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Pfizer begins testing omicron-matched COVID shots in adults

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Pfizer begins testing omicron-matched COVID shots in adults

By LAURAN NEERGAARD

Pfizer is enrolling healthy adults to test a reformulated COVID-19 vaccine that matches the hugely contagious omicron variant, to see how it compares with the original shots.

Pfizer and its partner BioNTech announced the study on Tuesday.

COVID-19 vaccine-makers have been updating their shots to better match omicron in case global health authorities decide the change is needed.

Omicron is more likely than previous variants to cause infection even in people who’ve been vaccinated, but it’s not yet clear that a change to the vaccine recipe will be ordered. Among the issues regulators are weighing: Some of the first places to face an omicron surge already are seeing the mutant wane — and there’s no way to know if the next variant that arises will resemble omicron or be totally different.

The original vaccines still offer good protection against severe illness and death. Studies in the U.S. and elsewhere have made clear that adding a booster dose strengthens that protection and improves the chances of avoiding even a milder infection.

“We recognize the need to be prepared in the event this protection wanes over time and to potentially help address omicron and new variants in the future,” Kathrin Jansen, Pfizer’s vaccine research chief, said in a statement.

The new U.S. study will include up to 1,420 volunteers ages 18 to 55 to test the updated omicron-based shots for use as a booster or for primary vaccinations. Researchers will examine the tweaked vaccine’s safety and how it revs up the immune system in comparison to the original shots.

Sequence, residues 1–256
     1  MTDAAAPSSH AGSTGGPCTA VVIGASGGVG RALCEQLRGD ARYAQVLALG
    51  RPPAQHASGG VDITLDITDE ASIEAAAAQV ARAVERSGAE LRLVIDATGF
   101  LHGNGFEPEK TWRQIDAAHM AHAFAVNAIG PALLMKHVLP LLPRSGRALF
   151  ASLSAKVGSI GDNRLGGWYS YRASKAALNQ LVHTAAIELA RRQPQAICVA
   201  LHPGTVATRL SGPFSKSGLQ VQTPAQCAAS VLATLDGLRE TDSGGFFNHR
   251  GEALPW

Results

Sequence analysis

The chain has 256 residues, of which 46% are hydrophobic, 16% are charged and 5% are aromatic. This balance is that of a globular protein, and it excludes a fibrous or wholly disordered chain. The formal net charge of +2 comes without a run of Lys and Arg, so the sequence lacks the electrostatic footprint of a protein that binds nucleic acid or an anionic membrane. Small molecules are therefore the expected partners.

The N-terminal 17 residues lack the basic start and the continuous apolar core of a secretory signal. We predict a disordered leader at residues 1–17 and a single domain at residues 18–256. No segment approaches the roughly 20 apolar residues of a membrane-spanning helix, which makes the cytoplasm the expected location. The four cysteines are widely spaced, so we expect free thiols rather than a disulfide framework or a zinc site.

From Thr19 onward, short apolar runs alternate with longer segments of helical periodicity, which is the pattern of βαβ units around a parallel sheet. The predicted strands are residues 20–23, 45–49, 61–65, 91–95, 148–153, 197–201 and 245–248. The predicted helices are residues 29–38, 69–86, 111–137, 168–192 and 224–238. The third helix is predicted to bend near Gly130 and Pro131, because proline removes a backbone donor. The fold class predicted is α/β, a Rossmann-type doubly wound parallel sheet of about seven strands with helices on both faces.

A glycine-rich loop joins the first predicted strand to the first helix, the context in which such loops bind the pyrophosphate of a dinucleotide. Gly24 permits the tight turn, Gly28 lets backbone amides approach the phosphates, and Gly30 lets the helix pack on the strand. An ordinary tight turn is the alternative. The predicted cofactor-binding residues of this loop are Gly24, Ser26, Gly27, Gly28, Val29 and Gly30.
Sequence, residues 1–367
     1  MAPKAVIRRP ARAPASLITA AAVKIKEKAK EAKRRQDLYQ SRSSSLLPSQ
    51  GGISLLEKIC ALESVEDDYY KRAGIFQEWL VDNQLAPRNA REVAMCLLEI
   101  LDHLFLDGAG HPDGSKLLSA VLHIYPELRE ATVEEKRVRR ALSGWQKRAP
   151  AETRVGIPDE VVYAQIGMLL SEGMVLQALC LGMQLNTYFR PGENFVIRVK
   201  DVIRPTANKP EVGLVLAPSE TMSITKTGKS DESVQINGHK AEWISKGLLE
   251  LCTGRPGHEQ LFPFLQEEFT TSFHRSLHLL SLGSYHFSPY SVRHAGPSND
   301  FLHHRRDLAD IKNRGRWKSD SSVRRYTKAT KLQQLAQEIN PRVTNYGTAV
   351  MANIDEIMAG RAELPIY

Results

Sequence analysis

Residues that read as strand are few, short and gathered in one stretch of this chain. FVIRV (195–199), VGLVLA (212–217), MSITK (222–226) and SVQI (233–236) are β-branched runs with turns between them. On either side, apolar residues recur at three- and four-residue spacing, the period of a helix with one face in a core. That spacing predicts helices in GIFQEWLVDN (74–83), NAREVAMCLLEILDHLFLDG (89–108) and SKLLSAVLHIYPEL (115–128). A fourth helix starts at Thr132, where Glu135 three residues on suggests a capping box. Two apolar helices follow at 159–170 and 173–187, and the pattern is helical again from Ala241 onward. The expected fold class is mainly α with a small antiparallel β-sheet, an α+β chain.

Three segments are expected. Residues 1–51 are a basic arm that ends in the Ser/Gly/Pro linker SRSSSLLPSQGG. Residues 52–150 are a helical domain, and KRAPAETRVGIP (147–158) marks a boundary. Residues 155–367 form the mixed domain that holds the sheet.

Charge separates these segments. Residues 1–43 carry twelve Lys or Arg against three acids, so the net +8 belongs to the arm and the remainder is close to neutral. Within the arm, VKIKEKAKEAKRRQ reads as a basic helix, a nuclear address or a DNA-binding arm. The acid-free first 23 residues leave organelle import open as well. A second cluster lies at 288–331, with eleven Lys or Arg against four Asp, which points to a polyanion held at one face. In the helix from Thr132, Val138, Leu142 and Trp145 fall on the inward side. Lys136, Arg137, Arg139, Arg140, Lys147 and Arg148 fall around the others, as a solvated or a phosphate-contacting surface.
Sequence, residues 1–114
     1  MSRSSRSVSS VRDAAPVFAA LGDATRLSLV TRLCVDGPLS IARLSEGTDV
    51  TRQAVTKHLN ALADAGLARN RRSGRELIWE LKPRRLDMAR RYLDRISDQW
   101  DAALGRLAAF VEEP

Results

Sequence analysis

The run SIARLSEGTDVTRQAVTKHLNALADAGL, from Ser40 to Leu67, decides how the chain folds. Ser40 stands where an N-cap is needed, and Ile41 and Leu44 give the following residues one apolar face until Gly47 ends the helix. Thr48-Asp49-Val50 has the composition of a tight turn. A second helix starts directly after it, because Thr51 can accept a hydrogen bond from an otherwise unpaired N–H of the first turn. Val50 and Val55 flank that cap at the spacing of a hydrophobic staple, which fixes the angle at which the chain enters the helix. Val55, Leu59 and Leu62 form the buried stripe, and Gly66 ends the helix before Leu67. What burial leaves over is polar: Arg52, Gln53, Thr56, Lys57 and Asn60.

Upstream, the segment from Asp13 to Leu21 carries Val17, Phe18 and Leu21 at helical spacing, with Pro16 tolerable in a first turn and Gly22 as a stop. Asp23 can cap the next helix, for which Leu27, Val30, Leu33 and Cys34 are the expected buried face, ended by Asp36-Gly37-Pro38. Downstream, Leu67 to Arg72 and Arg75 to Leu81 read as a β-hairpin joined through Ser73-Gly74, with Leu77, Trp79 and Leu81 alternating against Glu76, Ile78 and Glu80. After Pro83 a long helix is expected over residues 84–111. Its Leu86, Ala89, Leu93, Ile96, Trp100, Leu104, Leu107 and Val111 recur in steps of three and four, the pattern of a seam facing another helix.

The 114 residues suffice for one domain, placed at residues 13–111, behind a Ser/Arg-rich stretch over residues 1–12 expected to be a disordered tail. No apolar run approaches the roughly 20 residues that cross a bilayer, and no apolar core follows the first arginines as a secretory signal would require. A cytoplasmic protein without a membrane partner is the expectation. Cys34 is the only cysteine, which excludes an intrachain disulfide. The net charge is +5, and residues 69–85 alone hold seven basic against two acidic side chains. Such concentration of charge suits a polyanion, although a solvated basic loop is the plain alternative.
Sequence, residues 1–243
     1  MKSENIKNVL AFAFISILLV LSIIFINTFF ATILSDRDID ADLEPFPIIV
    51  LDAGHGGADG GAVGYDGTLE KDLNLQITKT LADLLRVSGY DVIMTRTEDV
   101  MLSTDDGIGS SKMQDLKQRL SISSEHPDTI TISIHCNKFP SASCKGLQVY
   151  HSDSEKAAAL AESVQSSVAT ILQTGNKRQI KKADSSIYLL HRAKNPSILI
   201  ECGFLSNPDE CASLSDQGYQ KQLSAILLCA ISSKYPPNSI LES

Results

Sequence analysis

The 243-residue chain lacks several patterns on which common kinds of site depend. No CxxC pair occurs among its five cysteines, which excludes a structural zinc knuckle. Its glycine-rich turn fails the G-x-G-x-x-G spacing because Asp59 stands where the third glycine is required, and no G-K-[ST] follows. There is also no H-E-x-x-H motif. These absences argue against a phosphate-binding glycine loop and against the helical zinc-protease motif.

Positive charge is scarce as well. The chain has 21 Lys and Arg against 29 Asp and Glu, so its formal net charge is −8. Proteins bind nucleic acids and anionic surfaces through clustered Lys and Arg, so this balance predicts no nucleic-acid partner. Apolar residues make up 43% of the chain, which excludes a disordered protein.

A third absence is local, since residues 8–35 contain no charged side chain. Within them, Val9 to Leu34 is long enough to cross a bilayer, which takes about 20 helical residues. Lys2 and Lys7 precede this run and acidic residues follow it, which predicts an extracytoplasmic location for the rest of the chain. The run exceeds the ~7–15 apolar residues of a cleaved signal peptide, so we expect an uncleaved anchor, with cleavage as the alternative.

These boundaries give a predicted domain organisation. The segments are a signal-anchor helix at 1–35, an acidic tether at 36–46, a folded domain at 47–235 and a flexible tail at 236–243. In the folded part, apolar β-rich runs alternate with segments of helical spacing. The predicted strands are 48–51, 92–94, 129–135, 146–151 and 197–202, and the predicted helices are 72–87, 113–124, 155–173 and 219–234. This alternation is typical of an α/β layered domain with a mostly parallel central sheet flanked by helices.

Full study results will take many months as volunteers receive multiple vaccine doses — and as researchers measure how long virus-fighting antibodies remain at high levels after an omicron-adapted dose versus the regular booster.

Pfizer’s CEO told CNBC earlier this month that the company could have some omicron-matched doses ready as early as March. But doing what the company calls “at-risk” manufacturing doesn’t mean those doses will be rolled out to the public. Pfizer and other vaccine makers also have brewed and tested experimental doses to match previous variants, changes that ultimately weren’t needed but offered valuable practice at tweaking the recipe.

For the new study, one group of about 600 volunteers who received two doses of the current Pfizer vaccine three to six months ago will receive either one or two omicron-based shots as boosters. Another 600 who have already gotten three regular doses of the Pfizer vaccine will be given a fourth dose of either the regular vaccine or the omicron-matched version.

The study also will enroll some unvaccinated volunteers who will receive three doses of the omicron-based vaccine.

Pfizer plans to produce 4 billion vaccine doses in 2022, and said Tuesday the amount isn’t expected to change if an omicron-adapted version is needed.

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The Associated Press Health and Science Department receives support from the Howard Hughes Medical Institute’s Department of Science Education. The AP is solely responsible for all content.